ST. PETERSBURG, Fla. (WFLA) – Three mothers brought together by fate are on a mission of kindness to honor a child whose organ donation saved a little boy in St. Petersburg.  

The mission began when baby Michael Angelo was diagnosed with biliary atresia at 4 months old, meaning there was no bile flow from his liver.

His mom told 8 On Your Side’s Daisy Ruth that the diagnosis was late, so medical professionals immediately talked about a transplant.

Michael was airlifted to the Miami Transplant Institute, where the family stayed from Jan. 14 to April 29.

Jill Angelo said she tried to be a living donor for her son, but had an artery that would have been too big for her baby.

Finally, the family received some good news.

“We got a call that a liver was available and that he was going to get a second chance,” Angelo said through tears. “So he got his transplant the next day and they said the liver was perfect for him.”

The good news didn’t come without a price, however.

“It’s hard to know that somebody had to die so my son could live.”

Michael’s liver came from a 2-year-old boy named Carter, who died of accidental drowning. Jill Angelo said Carter’s family donated his organs to other families as well.

“I was bitter. Why did my son get sick? Why him? What did he do, he’s only a baby, he’s only 4 months. And this family just lost a child and they still thought of donating and thinking of other people,” Angelo said.

She had spent her time in the hospital giving back to nurses in the form of coffee and goodies to distract herself from the hard times her family was going through.

Angelo knew she wanted to give back beyond bringing coffee to her son’s nurses. That’s where Lindsay Hernandez and her foundation in honor of her son, the Christian Michael Hernandez Foundation, came in.

Hernandez said she was initially contacted to just be a support for Angelo and her family.

“And then if you know Jill five minutes, you know that she’s ready to pay it forward and give it back. She then reached out and said ‘when we get out of here and he has a liver and we’re home and healthy, how do we pay this back? How do we pay this forward?’” Hernandez said. “So that’s where this kind of initiative got started and Jill is a mama on a mission to make sure that Carter’s memory… is not left behind in all of this.”

The pair teamed up with Brooke Bennett, a three-time Olympic gold medalist, who runs a swim school across numerous locations in the Tampa Bay area.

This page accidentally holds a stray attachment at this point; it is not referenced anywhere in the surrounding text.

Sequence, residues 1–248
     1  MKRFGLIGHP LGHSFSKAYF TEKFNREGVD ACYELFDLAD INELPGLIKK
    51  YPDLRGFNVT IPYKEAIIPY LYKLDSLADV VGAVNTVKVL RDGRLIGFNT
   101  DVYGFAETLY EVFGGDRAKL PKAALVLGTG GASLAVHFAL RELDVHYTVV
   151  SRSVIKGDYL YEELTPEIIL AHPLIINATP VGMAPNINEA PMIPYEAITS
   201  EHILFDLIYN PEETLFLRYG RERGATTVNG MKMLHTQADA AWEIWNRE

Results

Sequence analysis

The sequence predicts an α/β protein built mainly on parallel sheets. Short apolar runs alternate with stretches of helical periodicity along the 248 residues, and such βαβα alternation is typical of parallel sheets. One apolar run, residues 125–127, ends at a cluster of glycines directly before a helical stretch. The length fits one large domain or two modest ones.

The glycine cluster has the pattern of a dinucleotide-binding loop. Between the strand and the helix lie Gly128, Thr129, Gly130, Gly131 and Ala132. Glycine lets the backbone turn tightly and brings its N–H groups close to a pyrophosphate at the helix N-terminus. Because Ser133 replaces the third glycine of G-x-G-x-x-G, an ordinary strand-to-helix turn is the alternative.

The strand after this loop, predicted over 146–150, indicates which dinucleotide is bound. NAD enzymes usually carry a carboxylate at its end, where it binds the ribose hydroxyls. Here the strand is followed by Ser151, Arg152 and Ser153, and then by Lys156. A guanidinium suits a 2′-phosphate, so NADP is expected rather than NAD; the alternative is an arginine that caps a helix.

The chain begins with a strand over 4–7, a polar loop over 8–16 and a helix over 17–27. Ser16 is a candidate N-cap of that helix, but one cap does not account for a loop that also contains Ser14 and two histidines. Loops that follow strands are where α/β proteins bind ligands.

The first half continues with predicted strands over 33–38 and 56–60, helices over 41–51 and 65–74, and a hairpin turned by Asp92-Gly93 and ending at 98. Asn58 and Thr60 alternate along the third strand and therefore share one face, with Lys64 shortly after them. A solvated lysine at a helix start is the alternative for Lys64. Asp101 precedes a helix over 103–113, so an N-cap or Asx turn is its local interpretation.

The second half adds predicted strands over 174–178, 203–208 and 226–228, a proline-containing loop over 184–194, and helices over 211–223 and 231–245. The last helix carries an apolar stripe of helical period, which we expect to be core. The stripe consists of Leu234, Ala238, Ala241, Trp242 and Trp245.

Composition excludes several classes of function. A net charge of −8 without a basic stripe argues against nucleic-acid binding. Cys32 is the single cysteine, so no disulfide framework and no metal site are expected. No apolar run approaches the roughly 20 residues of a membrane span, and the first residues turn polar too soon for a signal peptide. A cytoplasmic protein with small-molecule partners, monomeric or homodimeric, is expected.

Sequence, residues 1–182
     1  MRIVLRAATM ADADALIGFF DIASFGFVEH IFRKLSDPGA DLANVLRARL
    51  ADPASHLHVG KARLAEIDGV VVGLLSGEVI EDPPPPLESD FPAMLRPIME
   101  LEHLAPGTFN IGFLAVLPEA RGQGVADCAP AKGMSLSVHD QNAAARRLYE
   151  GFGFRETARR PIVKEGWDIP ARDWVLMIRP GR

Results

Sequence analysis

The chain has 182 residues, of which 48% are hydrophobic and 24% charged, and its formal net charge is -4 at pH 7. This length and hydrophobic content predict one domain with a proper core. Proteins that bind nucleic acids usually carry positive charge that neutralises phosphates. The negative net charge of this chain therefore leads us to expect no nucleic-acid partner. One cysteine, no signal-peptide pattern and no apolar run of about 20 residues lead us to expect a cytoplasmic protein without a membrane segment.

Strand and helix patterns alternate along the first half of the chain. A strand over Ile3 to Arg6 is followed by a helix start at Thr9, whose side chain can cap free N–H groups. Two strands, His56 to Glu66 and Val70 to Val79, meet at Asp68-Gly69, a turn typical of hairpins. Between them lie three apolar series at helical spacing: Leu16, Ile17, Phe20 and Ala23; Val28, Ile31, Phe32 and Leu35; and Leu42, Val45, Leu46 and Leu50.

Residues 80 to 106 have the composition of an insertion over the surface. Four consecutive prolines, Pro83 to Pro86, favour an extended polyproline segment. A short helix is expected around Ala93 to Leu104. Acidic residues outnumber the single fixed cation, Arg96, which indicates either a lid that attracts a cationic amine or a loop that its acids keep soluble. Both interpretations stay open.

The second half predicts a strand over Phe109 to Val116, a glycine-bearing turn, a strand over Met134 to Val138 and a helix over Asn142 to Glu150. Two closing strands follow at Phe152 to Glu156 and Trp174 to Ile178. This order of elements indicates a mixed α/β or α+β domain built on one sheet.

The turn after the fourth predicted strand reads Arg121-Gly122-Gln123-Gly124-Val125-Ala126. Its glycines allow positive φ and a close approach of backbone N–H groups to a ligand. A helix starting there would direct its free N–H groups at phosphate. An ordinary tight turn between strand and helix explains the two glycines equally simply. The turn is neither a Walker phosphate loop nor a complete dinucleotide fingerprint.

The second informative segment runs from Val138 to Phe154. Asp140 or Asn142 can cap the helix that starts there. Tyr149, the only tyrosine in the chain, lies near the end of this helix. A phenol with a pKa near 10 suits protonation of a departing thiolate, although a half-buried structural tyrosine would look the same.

“And so we kind of teamed up with Brooke, who is our celebrity friend, to find a way to kind of promote this initiative. Carter passed away due to accidental drowning. And so I think we felt like there was no better way to pay it forward than to offer swim lessons,” Hernandez explained.

Bennett said her passion and purpose is to make sure children are water safe, saying that is the most important thing here in Florida.

“Babies are born with the instinct of water. That’s what they live in mommy for those 37 or 40 weeks…So when they come out, the most familiar thing to them is water,” she explained. “So teaching a baby to go underwater and hold their breath? Piece of cake. A child in the range of like 2 to 3, it’s going to take some patience and talking them down from their fears that they can’t explain yet, but they’re starting to have opinions of their own.”

Through Angelo’s drive to give back, Hernandez’s foundation and Bennett’s expertise, “Carter’s Gift” was born.

“We’ve connected with our donor family and they’ve given us the blessing to use Carter’s Gift as a scholarship for swim lessons, for swim safety, for families who need swim lessons, who are not aware of it and might not be able to afford swim lessons. And it’s really, really, really important. I couldn’t stress that enough. So we want to do this for them. For Carter,” Angelo explained.

At Bennett’s school, a full donation to supply a family with a month of swim lessons would be $180. That includes eight lessons throughout the month, twice a week.

Hernandez said she wants to use her foundation as a platform to reach the community and inspire people to donate to Carter’s Gift.

“And sponsor swim lessons for children in need, maybe medically fragile children, maybe foster children, maybe children who at the time when other kids were learning to swim were busy trying to stay alive or find a safe and healthy home to live in,” she said. “We’re kind of really wanting community involvement with maybe recommendations about kids who would benefit from these swim lessons, as well as donations.”

To donate to Carter’s Gift or recommend a family in need who could benefit from swim lessons, you can go to the foundation’s website or message them on Facebook.